Granite, albeit a humble stone, earns its place as one of the most essential materials in human history. It covers much of the earth as a foundational rock on each and every continent, while serving a variety of human industries for millennia. Granite’s composition, an interlocking combination of sodium and potassium feldspar crystals, quartz, and a host of other minerals like muscovite, biotite, and hornblende, lends the rock distinctive qualities with important legacies. Granite plays an important and understated role in global culture, from architecture to jewellery and scientific research. Whether it’s paving an ancient temple’s floors or forming effective granite surface plates for a modern laboratory, the material rewards discovery at every turn. As such, here’s a list of 10 facts about granite.
1. Granite Makes up Most of the Earth’s Upper Crust
As a plutonic rock, granite originates deep under the earth’s surface. It actually makes up a large proportion of our planet’s crust, at around 70 to 80%.
2. Scientists are Still Discovering Facts About Granite Formation
Despite its prevalence around the globe, from our continental shelves to our kitchen counters, geologists still dispute the exact way in which granite was even formed. The debate falls along two lines: the magmatic and the metamorphic theory.
The former, magmatic theory, points to granite’s presence along mountains and fault lines to suggest that granite originates from magma beneath the earth’s crust.
The second theory takes a similar opinion with a crucial difference. Metamorphic theorists suggest that all granite was once sedimentary rock, that heat and pressure recrystallise into its current state.
The size and timescale required to practically analyse these competing theories mean that they’re still up for research and debate. Humans have used granite for thousands of years. We’re still discovering new things about it, and still trying to understand more.
3. Granite Forms Some of the World’s Oldest Structures, Including a 3,000-Year-Old Hindu Temple
Ancient architects in the Tamil empire created one of the world’s oldest and best-preserved temples, Brihadisvara, around 1003 BC. Located in Thanjavur in modern India, the complex stands as a UNESCO world heritage site and a testament to granite’s enduring strength and cultural significance.
4. Sculptors Had to Learn Facts about Granite When Planning to Carve Mount Rushmore
On the other side of the globe, around 2,500 years later, engineers completed another granite monument by carving into Mount Rushmore in the US.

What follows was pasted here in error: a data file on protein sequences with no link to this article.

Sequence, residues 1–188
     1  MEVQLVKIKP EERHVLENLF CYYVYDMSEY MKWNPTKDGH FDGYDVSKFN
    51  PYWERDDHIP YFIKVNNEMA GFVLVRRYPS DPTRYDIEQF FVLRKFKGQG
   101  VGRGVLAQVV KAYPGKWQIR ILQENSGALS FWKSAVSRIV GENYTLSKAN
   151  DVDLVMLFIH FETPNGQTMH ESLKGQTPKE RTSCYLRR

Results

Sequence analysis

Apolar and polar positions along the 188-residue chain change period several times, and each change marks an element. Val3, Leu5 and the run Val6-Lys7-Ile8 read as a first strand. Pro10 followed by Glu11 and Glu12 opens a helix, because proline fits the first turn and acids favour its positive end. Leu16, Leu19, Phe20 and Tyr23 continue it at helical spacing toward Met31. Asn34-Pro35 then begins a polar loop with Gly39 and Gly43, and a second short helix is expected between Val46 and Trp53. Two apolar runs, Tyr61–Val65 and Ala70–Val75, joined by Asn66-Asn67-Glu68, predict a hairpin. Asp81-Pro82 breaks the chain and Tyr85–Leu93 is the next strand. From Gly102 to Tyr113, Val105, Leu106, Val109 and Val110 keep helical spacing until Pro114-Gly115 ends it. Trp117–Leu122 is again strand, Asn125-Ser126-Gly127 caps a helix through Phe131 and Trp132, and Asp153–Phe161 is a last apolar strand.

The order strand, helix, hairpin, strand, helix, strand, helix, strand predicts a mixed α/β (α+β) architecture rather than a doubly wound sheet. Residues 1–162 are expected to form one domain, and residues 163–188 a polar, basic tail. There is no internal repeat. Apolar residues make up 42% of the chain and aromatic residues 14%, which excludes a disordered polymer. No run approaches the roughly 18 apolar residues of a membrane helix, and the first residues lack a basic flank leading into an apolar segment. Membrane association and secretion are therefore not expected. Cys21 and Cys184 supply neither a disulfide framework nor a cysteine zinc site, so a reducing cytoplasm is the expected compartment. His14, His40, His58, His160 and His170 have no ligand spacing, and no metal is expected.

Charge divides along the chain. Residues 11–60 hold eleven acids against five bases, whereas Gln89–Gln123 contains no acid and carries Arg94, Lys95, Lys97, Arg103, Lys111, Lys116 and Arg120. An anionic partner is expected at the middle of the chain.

Gutzon Borglum, the project’s chief architect, originally envisioned carving presidential images into a nearby range of granite pillars called The Needles but had to switch sites due to the pillars’ unsuitably slender diameter. The granite mountains across South Dakota hold deep significance for tourists and Native Americans alike. Facts about granite make for interesting reading, but they also manifest in some of the world’s most impressive and important geological phenomena.
5. Granite Makes up Geological Wonders like Britain’s Tallest Mountain and the World’s Tallest Cliffs
A volcano from the Devonian period forms Britain’s tallest peak, Ben Nevis, in Scotland. Since erupting, glaciation wrought a profound impact on Ben Nevis’ current geography, as it also affected another famous granite phenomenon, the Trango Towers. Pakistan’s Trango Towers draw climbers from around the world as some of the tallest and most picturesque cliffs on the planet.
6. Some Types of Granite Emit Radiation
Like any stone, some granites contain trace elements of uranium and thorium, making it harmlessly radioactive. Some studies show that pink granites exhibit more radiation than grey and black varieties, but regardless, they’re less radioactive than garden turf or bananas.
7. Granite is Denser Than Many Other Common Stones
At around 2.6 to 2.7 grams per cubic centimetre, granite’s density exceeds that of limestone, sandstone, and marble. In the Mohs scale, a scientific measurement of hardness out of ten, it ranks between six and seven, compared to marble’s 3-4. This stems from its plutonic origins and the presence of dense minerals like feldspar and biotite.
8. Facts About Granite Composition Contribute to its Variation in Colour
Granite’s colours change depending on its geological origins, with different minerals affecting its pigmentation. Two famous examples include Venetian gold granite, and blue-tinted granite found in the Himalayas, known as K2 azurite granite.
9. A Phenomenon Called Mural Joints Helps Miners Quarry Granite
Joints form early in a rock’s formation. In igneous rocks like granite, joints propagate due to shifts in the earth’s crust. Mural joints, common across different forms of granite, occur in a three-dimensional pattern that breaks the rock into roughly cubic shapes. When discovered by miners, these joints aid quarrying, despite granite’s otherwise durable properties.
10. Natural Temperature and Bacteria Resistance Make Granite Ideal for Human Use
Granite is less porous than other types of rock, making it more bacteria resistant. Of course, it must be sealed and treated, but compared with other natural stones, it’s far easier to maintain and sanitise. Due to its density, durability, and igneous origins, the material also resists damage from heat and frost. These facts about granite explain its unrelenting popularity to this day.